Finally we just need to call ble_advertising_start function to start advertisement:

int main(void){
    softdevice_init();
    gap_params_init();
    advertising_init();
    // start fast advertisement
    ble_advertising_start(BLE_ADV_MODE_FAST);

Compile your code and flash it on your dev board:

        $ cd nrf51/
        $ JLinkExe sh/nrf51_load_sd.sh
        J-Link>loadbin sd_adv_app/sd_adv_app.bin 0x18000
        J-Link>r
        J-Link>g

The green led should blink and now thanks to LightBLue Explorer app (ios/mac) you should be able to see your device advertising device name data:

LightBlue on Mac:

bluetooth low energy advertisement nrf51

LightBlue on ios:

bluetooth low energy advertisement nrf51

For Android users you can use a similar application called BLE Scanner.

If you click on SD_ADV_APP you’ll open a BLE connection with the device. Then if you click on Show advertisement data you’ll see the data advertised by the device.

bluetooth low energy advertisement nrf51

So far only the local name is broadcasted. We can add some data thanks to the manufacturer specific data field in an advertisement packet. To do that we just need to add our data in advdata.p_manuf_specific_data field in main.c file:

#define APP_ADV_CUSTOM_DATA     "hello world!";
...
static void advertising_init(void)
{
    uint32_t err_code;
    ble_advdata_t advdata;
    ble_advdata_manuf_data_t manfdata;

    memset(&advdata, 0, sizeof(advdata));

    // advertise the the full device name
    advdata.name_type = BLE_ADVDATA_FULL_NAME;
    // LE General Discoverable Mode, BR/EDR not supported.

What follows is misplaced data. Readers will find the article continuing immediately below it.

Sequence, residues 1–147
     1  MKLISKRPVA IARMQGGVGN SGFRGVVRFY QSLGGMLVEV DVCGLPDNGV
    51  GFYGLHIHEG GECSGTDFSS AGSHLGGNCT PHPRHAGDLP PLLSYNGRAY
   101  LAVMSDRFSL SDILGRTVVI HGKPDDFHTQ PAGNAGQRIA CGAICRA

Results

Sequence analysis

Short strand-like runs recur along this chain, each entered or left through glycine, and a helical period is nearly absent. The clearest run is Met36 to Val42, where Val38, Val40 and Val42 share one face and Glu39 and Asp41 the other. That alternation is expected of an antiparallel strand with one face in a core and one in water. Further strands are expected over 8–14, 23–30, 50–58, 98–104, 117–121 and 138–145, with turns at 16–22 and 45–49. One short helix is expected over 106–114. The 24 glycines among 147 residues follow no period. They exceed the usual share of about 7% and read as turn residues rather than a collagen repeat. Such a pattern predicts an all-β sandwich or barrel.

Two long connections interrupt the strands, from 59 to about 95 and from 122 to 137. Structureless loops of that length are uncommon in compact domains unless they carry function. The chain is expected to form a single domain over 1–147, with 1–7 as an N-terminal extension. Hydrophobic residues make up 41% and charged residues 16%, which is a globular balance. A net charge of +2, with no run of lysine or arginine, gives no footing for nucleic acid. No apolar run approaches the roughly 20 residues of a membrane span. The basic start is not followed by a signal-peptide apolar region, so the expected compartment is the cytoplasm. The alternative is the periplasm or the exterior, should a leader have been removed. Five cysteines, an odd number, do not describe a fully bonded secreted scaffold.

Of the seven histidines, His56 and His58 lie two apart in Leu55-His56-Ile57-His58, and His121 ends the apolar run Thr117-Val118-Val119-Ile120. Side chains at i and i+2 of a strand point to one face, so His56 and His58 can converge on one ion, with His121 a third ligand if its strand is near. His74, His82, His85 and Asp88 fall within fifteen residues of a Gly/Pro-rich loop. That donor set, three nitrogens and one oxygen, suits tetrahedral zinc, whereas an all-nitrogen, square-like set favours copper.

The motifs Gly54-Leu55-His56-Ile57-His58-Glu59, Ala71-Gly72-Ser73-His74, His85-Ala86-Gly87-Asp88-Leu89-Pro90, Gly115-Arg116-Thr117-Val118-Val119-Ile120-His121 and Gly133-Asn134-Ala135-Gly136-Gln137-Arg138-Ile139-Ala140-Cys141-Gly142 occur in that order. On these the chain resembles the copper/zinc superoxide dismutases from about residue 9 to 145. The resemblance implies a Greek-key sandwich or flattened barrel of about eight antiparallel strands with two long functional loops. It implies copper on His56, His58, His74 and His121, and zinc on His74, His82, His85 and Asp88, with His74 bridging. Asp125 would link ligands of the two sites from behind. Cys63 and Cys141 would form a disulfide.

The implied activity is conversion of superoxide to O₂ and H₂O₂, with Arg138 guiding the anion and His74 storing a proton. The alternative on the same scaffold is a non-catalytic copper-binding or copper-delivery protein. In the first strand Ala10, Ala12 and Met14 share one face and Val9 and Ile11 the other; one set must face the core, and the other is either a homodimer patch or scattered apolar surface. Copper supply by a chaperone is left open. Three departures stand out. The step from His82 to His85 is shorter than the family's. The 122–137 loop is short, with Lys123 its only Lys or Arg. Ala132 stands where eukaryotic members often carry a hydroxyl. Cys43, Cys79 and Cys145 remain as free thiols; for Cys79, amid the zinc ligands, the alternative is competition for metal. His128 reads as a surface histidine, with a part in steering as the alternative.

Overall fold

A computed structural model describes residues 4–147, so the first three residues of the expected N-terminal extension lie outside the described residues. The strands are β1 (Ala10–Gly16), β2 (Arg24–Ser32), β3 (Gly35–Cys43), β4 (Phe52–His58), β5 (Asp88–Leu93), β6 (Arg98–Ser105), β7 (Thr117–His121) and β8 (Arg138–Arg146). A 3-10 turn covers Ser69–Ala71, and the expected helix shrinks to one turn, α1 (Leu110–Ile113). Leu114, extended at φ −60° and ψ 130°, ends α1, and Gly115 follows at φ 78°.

advdata.flags = BLE_GAP_ADV_FLAGS_LE_ONLY_GENERAL_DISC_MODE;

    // Set the manufacturer specific data below
    memset(&manfdata, 0, sizeof(manfdata));

    manfdata.company_identifier = 0x1234;
    manfdata.data.size = strlen(APP_ADV_CUSTOM_DATA);
    manfdata.data.p_data = (uint8_t *)APP_ADV_CUSTOM_DATA;

    advdata.p_manuf_specific_data = &manfdata;

    ble_adv_modes_config_t options = {0};
...

The result on LightBlue Explorer application should be as below:

bluetooth low energy advertisement nrf51

Here we are! We are now able to advertise data over BLE, in the next post we’ll see how to transfert data from our smartphone to the device in order to control remotely the LED.

Links:

LightBlue Explorer

BLE Scanner

You can retrieve the source code on the following github link: github

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2 thoughts on “BLE application with nRF51822: Advertising data

  1. NaelyaMar February 9, 2017 / 8:58 am

    HI Jocelyn
    I’m doing exactly that but on Atmel Studio 7 on windows.
    Do you have that type of tutorial pls?

    Like

    • Jocelyn Masserot February 9, 2017 / 9:35 am

      Hi, no sorry I’m not using Windows. I don’t know Atmel Studio 7 but from the name, are you sure you can use this software with Nordic’ MCU?

      Like